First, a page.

But, if a district has far more than enough competent teachers apply for a job, they owe it to the taxpayers to review their compensation policy and lower it. Simple free market stuff. And I sure wouldn't 'blame' a teacher for going after the most attractive job offer.

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walk into your local school, volunteer in any classroom, and document the ineptitude. Good luck!
Well, I'm sorry to say, I have had bad luck here. My kid's 5th grade advanced math teacher was not aware that a number divided by itself was equal to 'one'. And we are in a good school district. This same teacher was proud to tell us that they had over 400 people apply for a recent position. And this incompetent teacher was making over $75,000, along with other benefits higher than most people in the private sector get.

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Crazy bureaucracy and spending. Systems that are inefficient and old. But don't pin that on the teachers. I think most teachers would argue that all that crap is a road block to them as well.
Well, I won't pin it on the teachers, like most employees, they are cogs in a wheel. But, I sure would like to see teachers work with their unions to fight for better education. All I've seen is pay and benefits as talking points in union negotiations. If you have evidence to the contrary, I'd welcome it, but I have not seen it.

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where did you go so wrong as to NOT become a teacher?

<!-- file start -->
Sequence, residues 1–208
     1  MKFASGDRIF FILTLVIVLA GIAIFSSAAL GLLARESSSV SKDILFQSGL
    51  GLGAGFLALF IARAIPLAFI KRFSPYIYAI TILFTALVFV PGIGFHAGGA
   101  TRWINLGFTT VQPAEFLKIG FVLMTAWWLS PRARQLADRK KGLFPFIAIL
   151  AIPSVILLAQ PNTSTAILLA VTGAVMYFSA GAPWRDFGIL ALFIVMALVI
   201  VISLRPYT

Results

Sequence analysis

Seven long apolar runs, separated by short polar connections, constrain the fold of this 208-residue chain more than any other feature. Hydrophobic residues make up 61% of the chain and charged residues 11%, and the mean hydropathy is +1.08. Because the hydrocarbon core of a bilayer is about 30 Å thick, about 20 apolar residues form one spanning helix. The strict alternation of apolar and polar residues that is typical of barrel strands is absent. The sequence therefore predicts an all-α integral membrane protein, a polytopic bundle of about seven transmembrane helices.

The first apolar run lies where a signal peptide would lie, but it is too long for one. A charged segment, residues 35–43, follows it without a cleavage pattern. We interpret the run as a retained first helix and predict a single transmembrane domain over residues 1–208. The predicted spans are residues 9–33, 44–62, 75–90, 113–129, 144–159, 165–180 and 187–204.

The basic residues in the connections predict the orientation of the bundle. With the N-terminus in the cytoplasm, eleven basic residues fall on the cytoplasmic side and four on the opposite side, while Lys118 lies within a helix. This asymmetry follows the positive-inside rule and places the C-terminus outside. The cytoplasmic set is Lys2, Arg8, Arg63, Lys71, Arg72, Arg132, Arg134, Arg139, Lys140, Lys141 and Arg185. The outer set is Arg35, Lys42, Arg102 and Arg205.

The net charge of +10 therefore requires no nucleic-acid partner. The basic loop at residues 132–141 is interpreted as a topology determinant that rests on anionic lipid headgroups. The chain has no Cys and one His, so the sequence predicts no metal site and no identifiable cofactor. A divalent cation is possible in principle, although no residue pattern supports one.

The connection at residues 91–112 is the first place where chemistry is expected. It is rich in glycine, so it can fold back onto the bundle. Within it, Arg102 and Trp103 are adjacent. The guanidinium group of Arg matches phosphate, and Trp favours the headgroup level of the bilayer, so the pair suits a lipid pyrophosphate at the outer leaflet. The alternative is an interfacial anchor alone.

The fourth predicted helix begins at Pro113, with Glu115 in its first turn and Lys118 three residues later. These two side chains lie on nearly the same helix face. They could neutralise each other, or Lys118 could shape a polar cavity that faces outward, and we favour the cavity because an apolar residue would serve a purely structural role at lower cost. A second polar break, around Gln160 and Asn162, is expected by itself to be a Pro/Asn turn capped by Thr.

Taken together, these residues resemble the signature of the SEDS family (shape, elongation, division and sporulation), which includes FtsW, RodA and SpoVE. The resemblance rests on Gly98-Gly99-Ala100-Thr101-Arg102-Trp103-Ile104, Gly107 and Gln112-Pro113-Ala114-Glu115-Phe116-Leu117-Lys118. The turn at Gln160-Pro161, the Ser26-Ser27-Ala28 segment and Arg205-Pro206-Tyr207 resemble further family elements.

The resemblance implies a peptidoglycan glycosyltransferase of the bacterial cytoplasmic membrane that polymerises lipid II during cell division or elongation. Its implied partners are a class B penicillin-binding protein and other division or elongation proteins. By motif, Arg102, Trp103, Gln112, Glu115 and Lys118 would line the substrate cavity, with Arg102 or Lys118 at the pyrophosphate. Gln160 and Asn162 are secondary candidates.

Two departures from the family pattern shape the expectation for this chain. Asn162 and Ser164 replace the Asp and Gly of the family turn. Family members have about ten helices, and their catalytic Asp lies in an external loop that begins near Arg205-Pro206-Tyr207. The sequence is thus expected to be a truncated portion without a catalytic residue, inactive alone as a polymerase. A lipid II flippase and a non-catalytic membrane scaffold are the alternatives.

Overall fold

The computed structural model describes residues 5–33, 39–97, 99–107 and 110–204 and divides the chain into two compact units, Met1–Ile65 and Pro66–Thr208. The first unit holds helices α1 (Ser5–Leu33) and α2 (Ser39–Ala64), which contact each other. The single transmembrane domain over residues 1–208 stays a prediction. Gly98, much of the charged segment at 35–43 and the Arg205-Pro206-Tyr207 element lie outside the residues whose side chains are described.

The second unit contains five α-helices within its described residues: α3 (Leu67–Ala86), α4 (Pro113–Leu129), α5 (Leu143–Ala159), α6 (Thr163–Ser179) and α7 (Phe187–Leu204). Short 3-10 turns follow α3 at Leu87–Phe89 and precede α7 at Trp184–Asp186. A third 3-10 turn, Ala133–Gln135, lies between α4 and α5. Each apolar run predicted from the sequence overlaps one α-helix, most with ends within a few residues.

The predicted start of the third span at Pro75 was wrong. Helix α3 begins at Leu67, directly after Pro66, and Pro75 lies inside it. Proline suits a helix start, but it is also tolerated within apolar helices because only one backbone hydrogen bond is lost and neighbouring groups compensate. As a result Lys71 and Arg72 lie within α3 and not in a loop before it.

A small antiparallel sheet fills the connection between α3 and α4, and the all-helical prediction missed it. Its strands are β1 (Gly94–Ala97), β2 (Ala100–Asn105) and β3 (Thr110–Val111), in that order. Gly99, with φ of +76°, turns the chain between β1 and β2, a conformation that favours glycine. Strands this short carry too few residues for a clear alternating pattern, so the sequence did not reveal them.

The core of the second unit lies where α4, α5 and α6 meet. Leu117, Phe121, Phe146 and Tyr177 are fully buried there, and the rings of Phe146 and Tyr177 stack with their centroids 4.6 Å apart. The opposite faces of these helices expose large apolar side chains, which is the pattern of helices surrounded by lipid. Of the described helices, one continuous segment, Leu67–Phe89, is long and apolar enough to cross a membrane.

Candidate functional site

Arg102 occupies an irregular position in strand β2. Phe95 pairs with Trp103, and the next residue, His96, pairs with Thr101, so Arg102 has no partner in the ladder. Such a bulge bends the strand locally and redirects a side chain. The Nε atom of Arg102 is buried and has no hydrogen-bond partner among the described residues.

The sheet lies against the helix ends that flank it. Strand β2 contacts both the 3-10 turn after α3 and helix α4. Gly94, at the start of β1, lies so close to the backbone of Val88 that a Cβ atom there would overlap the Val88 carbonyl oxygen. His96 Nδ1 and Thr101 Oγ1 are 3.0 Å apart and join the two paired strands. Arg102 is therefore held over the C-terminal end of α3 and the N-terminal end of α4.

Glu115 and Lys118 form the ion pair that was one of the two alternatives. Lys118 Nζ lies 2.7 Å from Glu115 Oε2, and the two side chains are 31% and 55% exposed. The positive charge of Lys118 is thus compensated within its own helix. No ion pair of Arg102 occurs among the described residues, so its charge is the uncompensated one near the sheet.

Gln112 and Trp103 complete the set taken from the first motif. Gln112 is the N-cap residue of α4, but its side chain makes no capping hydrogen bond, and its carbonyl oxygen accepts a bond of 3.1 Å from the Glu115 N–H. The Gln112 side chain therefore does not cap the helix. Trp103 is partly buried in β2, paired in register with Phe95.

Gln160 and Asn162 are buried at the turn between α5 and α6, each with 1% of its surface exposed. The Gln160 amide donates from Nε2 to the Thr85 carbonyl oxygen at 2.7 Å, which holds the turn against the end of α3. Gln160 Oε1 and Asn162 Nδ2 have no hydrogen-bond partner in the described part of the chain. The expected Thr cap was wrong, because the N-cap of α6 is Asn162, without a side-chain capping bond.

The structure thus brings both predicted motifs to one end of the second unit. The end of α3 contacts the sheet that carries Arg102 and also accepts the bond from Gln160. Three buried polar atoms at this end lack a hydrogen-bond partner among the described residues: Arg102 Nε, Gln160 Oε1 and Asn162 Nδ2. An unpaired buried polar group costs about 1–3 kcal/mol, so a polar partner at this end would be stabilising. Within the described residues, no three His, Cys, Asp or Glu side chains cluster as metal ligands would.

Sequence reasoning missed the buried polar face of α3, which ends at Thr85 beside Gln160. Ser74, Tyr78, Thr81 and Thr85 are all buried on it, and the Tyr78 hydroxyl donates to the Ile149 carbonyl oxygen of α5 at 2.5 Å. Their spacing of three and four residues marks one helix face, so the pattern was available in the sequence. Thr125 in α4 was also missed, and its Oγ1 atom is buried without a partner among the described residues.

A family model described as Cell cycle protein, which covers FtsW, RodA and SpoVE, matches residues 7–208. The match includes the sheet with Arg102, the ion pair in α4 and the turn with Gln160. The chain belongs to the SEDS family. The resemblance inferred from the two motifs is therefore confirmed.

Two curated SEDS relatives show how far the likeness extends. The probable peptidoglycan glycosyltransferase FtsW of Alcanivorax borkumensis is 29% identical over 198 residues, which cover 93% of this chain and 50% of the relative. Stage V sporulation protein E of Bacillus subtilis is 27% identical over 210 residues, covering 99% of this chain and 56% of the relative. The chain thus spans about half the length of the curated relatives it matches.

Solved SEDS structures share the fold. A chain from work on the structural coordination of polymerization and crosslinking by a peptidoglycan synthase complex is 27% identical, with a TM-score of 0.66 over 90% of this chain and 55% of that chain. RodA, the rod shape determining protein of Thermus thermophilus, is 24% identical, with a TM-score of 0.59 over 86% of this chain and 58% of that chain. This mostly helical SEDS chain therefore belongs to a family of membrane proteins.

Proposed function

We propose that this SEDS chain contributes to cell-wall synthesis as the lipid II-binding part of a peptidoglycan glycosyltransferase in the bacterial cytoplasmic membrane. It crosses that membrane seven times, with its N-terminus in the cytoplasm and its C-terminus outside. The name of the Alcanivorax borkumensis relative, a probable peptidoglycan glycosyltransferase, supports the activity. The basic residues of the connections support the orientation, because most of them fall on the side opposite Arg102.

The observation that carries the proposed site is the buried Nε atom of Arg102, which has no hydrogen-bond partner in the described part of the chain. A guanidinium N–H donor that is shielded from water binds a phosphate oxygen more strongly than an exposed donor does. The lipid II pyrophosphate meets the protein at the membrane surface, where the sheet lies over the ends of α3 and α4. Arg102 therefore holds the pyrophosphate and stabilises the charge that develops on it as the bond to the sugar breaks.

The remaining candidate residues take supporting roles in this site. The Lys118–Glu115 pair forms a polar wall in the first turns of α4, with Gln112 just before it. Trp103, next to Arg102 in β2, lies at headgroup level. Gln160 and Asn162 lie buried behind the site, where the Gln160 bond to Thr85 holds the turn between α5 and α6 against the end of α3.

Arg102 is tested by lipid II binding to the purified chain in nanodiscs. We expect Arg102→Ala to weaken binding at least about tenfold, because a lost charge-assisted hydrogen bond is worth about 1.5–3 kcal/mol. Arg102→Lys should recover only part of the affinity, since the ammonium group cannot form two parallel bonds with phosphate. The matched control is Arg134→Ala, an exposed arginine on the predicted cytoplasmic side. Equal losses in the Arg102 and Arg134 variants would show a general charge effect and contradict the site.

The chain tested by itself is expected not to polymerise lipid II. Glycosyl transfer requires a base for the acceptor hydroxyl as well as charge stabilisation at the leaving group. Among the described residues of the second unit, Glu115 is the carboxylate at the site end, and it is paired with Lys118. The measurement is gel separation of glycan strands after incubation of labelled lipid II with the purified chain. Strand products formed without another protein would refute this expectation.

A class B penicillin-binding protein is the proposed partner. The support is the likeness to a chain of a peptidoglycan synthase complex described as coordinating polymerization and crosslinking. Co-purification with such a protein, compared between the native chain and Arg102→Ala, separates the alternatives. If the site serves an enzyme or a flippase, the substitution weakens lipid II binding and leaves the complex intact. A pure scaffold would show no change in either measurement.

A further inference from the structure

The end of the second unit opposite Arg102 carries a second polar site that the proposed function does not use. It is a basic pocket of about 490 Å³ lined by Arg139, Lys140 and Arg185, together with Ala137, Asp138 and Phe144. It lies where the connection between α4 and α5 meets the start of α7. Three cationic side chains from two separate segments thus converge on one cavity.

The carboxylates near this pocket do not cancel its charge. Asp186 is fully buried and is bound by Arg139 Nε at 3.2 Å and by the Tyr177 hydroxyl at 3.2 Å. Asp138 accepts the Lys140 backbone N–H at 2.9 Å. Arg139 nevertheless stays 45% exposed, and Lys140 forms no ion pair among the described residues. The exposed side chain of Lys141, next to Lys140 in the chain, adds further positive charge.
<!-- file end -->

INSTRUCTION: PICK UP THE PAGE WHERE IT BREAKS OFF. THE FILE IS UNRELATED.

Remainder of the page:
That is a straw man. There are many reasons I did not become a teacher, or any number of other tough professions. But that does not mean that those professions should not be paid according to a free market. And in a free market, no one really has a right to complain about their compensation, or anyone else's - it is what it is. Don't like it - find another job. Like your job - then accept the going rate. That's all that was being said.

-ERD50
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Old 12-02-2006, 07:12 AM   #12
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The problem as I see it is how education is funded and how the taxpayer doesn't have a say in how a teacher is compensated. When school budgets come up for vote, none of the actionable adjustments to the budget affect teacher salary, pensions, health benefits, etc. If the budget fails, the only thing you can adjust is capital projects, administrative staffing levels, non-core programs, etc. The teachers union has so much clout in this country that no state or local legislator is in the position to cut pension/pay levels...the contracts get signed, and the taxpayers pay the bill.

If the school budget included teacher and administrative salary and compensation review, where the voter actually gets a list of the proposed salary step chart and estimated retirement benefits for retiring teachers, the budget would fail every time. People on fixed incomes can't afford $8-10k per year property taxes and are leaving my state in droves. I've paid about $50k in school taxes over the past 10 years and I don't even have any kids, meanwhile, I know of a family with 13 children (actually two related families renting two floors of a house) who are paying no property taxes and getting the benefits of the local schools.

If you ask me, we give endless tax incentives to people with lots of kids...the more kids you have, the more you get. Oh, had another kid...here's another tax credit...keep popping em out! Frankly, it's retarded. It should be the other way around...the more kids you have, the more you should contribute to help fund their existence. Can't afford it...don't breed so damn much.
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Old 12-02-2006, 07:13 AM   #13
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Above messege comes across a little strong with regards to kids...it's not that I don't like them, I just don't respect people who have a lot of them when they can't afford them.